Will Emerging Technologies and Innovation Transform the Insurance Customer Experience?

By Mark Breading, Partner, Strategy Meets Action

Toronto, ON (Aug. 24, 2015) – The world is abuzz with the potential of a new wave of emerging technologies to transform business, society, and our daily lives. Every day there are new developments in wearables, drones, autonomous vehicles, the Internet of Things, 3D printing, augmented and virtual reality, artificial intelligence, and a host of other technologies. The pace of change is quickening (or sickening) depending on your view. Ten years from now, or even five years from now, our world is expected to look a lot different. But here we sit in an industry that many consider stodgy, slow moving, and stuck in the past. Whether or not that opinion is warranted, it is important to ask how all of these emerging technologies are impacting insurance. Will the insurance industry look much different three years from now? Five years? Ten years?

Two of the key dimensions of the industry to examine in light of the rapidly changing, digital world, are the customer experience and innovation. Insurers have pivoted toward the customer, putting major investments and initiatives into action after years of slow progress toward becoming customer-centric. And despite the industry reputation, many leading companies are aggressively pursuing innovation agendas, seeking to reinvent their businesses. There is no doubt that many other aspects of insurance will change as well, including distribution channels, products, risk assessment, and business models… but one could argue that the major drivers of all of these changes are customer expectations, fueled by emerging technologies, and enabled by innovation.

First, it is essential to identify some of the most influential emerging trends and technologies and how they are shaping customer experience and giving rise to new opportunities. Second, it is vital to explore how the evolving world offers a true paradigm shift in the way insurers will interact with customers. Finally, it is key to understand the role of innovation in creating and implementing new, game-changing ideas.

Emerging Technologies and Trends

SMA research on twelve emerging technologies indicates that significant activities are underway related to these technologies, and many insurers believe there is high potential for innovation leading to industry transformation – not ten years out but as early as 3 years from now. Our research shows that insurers have a high focus on eight of the twelve technologies for the near term, while the rest are expected to impact the industry more substantially over the mid-term horizon. The top priority emerging techs today for both P&C and L&A are 1) new payment technologies 2) the IoT 3) wearables and 4) artificial intelligence.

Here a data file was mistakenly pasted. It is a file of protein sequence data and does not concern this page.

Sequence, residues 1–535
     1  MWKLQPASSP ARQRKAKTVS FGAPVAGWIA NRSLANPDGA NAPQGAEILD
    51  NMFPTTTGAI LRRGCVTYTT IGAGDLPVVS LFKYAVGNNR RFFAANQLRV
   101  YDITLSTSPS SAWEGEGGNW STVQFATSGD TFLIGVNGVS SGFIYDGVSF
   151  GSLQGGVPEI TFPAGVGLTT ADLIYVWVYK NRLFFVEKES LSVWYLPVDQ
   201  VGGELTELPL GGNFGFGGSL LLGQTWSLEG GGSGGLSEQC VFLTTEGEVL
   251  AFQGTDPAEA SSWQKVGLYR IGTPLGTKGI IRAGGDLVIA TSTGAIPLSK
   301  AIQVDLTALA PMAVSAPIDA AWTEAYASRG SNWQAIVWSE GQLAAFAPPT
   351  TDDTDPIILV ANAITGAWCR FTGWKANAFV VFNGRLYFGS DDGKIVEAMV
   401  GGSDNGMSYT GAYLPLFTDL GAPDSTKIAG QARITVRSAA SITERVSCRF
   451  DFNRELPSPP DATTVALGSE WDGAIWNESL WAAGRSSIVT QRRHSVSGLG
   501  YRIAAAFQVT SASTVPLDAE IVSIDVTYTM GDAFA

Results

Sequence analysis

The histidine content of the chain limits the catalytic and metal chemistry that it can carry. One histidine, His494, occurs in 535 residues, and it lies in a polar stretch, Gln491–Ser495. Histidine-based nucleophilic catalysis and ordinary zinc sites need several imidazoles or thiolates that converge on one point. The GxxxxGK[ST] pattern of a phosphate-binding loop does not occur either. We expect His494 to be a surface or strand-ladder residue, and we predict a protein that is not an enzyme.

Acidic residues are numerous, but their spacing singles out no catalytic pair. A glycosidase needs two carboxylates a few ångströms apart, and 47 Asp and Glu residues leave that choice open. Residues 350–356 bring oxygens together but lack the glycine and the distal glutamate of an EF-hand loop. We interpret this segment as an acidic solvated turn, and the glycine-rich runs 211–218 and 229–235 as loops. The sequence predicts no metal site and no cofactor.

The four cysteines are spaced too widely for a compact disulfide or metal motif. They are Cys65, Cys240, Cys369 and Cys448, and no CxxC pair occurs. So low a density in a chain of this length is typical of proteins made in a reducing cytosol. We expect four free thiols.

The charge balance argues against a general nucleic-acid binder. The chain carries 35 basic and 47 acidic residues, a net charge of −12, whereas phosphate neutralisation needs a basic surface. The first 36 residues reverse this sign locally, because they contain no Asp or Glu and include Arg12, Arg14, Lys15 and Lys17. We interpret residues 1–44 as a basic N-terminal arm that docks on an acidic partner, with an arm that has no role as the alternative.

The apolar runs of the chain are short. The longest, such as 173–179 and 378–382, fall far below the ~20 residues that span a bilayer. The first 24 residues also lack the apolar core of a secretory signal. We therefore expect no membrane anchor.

P&C has an additional focus on drones and autonomous vehicles, while L&A is farther ahead in the use of semantic/cognitive technologies and is keenly following developments in biotechnology/genomics. Other technologies with a potentially big impact on the industry further out include 3D printing, augmented/virtual reality, gamification, and advanced robotics.

Paradigm Shift in the Customer Experience

Throughout history, the insurance customer experience has been based on conducting transactions and exchanging documents and correspondence. Often the annual number of interactions between a policyholder and insurer can be counted on one hand, especially if premium payments are automated. The advent of maturing technologies like mobile and analytics are already transforming the customer experience, offering new ways for policyholders to communicate with agents and insurers. However, as dramatic as recent changes might seem to some in the industry, the next wave of changes driven by emerging technologies and trends has the potential to completely change the experience. Is this just hype, or will the experience really be very different?

We believe that emerging technologies will completely change the customer experience due to three aspects of interactions.

  • Nature of interactions: The connected world is already offering new opportunities to collaborate with customers on managing their risks and investments. There will still be policy dec sets, renewal letters, first notice of loss reporting, beneficiary change requests, and other traditional sales or service transactions. True, the delivery method is shifting more to digital, but the production and assembly of these documents may not be that different. However, P&C insurers will increasingly have the ability to monitor the location, driving behavior, and mechanical functioning of insured vehicles on a real-time basis. Already, companies are offering portals to customers to track their driving patterns and characteristics, and identify ways to improve driving safety, optimize vehicle performance, and manage premiums. L&A insurers are beginning to offer wearable devices to their policyholders to monitor their health in exchange for reduced premiums and health advice. Commercial insurers are experimenting with the IoT, using devices embedded in machines and infrastructure that provide notice of impending failures, immediate reporting of accidents, and real-time data fed to loss control experts to analyze and suggest safety measures. In short, it is likely that the customer experience will now be largely influenced through collaboration via portals and mobile apps, with interactions using embedded displays in vehicles, homes, and business, and the wearables and mobile devices of individuals.